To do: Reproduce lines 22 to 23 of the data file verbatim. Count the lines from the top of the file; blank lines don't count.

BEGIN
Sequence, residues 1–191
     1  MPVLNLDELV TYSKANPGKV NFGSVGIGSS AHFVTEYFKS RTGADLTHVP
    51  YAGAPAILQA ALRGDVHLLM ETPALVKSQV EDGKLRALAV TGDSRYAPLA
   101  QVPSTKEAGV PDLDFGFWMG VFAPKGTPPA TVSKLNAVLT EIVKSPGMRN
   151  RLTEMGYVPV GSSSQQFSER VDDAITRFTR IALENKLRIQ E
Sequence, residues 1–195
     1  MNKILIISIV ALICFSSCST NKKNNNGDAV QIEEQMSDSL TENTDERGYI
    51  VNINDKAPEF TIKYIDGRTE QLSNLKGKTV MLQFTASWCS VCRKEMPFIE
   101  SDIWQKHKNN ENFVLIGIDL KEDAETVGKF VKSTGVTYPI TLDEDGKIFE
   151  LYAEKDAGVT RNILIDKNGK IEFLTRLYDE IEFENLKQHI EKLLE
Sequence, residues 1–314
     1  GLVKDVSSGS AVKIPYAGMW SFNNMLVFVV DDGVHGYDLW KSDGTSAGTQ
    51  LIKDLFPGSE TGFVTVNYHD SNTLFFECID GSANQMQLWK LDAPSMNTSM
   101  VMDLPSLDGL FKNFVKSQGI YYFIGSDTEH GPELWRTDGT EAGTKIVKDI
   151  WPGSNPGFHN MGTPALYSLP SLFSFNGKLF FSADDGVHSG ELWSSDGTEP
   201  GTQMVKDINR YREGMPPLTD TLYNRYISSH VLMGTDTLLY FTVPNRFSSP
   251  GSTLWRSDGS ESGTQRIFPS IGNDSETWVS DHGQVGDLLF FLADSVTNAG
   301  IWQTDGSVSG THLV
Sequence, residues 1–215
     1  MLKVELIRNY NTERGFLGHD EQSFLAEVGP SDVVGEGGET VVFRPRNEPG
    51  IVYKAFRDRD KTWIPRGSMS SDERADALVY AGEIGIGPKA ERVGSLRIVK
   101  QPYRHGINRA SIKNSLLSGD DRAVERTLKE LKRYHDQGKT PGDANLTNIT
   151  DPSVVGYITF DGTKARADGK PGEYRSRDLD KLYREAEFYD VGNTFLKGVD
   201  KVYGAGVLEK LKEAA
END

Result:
   101  QPYRHGINRA SIKNSLLSGD DRAVERTLKE LKRYHDQGKT PGDANLTNIT
   151  DPSVVGYITF DGTKARADGK PGEYRSRDLD KLYREAEFYD VGNTFLKGVD